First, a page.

I get emails all of the time with a basic drum description and a serial number from visitors in hopes I can unlock the history of their drum.

I think in general serial numbers do play an important role in the commercial market especially electronics and other high end items.

Below you will find information for dating the serial numbers on Ludwig Drums. Here are some references you can use to date by serial number. The web site link is available so feel free to visit their web sites and learn more. Dick Gerlack, who recently retired from the Ludwig Drum Company as their quality control manager/ trainer/ buyer, was with the drum company from to He pointed out to me that because Ludwig used non-indelible ink for the stamping of the dates, some dates were inadvertantly smudged or removed - in part or whole after the drums left.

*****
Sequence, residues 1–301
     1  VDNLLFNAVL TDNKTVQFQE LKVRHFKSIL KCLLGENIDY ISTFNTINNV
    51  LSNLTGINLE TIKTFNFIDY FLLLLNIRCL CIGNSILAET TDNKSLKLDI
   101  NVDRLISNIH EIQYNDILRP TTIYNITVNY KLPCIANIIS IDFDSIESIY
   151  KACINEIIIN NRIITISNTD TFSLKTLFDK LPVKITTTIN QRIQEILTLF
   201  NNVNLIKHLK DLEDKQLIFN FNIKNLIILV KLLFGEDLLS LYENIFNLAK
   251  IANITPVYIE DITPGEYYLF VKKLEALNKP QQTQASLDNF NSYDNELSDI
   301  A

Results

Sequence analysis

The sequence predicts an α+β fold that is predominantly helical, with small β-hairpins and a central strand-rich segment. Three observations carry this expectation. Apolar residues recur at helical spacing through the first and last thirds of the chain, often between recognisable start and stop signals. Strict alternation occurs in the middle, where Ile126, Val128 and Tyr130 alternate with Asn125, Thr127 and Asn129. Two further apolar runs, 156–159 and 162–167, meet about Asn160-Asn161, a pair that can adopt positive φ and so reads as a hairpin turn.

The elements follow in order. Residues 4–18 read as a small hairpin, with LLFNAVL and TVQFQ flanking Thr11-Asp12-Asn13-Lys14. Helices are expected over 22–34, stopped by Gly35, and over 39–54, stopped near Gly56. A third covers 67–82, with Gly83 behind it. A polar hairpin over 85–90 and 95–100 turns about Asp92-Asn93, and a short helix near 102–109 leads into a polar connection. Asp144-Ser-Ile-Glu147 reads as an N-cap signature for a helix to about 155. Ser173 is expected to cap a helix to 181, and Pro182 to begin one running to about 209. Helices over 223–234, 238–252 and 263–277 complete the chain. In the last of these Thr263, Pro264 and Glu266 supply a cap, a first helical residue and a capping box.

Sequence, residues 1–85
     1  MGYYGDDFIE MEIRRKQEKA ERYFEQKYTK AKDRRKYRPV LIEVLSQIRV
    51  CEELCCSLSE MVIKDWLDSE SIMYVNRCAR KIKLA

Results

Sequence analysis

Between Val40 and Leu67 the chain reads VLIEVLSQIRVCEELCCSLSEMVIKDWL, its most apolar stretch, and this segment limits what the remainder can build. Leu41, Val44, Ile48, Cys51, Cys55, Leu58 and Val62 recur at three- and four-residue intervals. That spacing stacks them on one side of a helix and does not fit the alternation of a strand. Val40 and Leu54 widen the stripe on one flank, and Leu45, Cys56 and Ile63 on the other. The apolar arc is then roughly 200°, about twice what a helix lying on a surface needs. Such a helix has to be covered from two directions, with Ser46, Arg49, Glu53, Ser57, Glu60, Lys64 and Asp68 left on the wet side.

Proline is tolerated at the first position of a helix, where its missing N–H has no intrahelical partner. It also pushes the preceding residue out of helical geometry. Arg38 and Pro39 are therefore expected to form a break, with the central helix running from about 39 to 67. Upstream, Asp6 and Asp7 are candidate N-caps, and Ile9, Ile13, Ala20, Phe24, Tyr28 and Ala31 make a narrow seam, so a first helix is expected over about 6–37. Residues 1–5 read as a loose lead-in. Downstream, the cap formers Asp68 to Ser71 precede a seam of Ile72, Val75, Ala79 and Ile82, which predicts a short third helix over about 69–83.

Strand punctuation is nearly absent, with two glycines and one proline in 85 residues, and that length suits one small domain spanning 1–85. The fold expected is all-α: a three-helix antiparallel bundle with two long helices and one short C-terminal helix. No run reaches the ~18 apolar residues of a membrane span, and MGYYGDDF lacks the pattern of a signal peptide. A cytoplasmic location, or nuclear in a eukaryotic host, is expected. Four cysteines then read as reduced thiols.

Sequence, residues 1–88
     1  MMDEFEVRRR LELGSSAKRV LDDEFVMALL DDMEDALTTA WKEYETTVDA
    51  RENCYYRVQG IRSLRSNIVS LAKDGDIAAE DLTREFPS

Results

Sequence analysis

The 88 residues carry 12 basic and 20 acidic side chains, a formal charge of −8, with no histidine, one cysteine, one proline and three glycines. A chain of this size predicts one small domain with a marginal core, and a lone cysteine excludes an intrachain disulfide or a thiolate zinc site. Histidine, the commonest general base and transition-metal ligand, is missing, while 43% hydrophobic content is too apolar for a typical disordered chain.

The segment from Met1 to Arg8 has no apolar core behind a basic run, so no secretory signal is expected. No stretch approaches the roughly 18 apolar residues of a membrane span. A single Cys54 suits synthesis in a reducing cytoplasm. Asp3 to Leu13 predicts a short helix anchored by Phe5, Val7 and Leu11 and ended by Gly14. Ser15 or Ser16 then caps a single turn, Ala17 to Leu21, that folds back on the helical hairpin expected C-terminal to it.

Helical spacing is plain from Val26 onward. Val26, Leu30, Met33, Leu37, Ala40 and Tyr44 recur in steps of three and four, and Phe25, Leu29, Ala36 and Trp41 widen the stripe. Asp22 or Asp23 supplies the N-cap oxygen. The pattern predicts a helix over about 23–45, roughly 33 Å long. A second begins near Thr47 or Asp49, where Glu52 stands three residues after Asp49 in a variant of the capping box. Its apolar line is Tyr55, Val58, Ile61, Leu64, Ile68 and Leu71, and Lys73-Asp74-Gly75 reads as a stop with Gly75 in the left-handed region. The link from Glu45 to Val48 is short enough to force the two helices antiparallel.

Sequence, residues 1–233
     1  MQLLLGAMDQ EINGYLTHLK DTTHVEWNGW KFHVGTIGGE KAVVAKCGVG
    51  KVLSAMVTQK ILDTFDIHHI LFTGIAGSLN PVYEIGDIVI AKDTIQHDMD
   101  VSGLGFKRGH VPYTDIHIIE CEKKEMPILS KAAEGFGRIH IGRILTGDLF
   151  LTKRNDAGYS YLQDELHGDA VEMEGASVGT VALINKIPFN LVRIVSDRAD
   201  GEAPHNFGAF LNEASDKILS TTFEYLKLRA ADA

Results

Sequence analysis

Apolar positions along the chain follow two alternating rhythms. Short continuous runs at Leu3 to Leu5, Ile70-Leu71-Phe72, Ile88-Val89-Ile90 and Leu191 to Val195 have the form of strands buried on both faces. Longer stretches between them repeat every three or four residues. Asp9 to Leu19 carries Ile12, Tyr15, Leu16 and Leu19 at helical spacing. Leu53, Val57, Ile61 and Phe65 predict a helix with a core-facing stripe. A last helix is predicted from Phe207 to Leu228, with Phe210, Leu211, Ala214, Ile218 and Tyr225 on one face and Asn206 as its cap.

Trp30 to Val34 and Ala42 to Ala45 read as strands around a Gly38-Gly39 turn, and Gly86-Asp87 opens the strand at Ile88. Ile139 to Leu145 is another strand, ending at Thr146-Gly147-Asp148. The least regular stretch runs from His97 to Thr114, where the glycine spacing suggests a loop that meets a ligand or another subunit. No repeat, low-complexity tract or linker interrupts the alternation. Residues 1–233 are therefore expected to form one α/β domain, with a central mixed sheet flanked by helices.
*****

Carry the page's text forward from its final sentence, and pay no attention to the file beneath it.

In the 60's Insurance companies made it mandatory that serial numbers be put on items so they can be documented. Unfortunately drum companies never really prescribed to any code of documenting a drum based on that serial number.

In fact I once heard that they started using serial numbers not for their own use per say but so schools and institutions could keep track of instruments in inventory. I also get people asking what factory a drum might have shipped from or the exact month a drum was made or even the production numbers etc.

The ever important serial number which some companies keep detailed records of unfortunately does not exist in the history of drums. We also have to state that much of the record keeping was archaic at best and in some cases history was destroyed in plant fires or just tossed in the garbage!.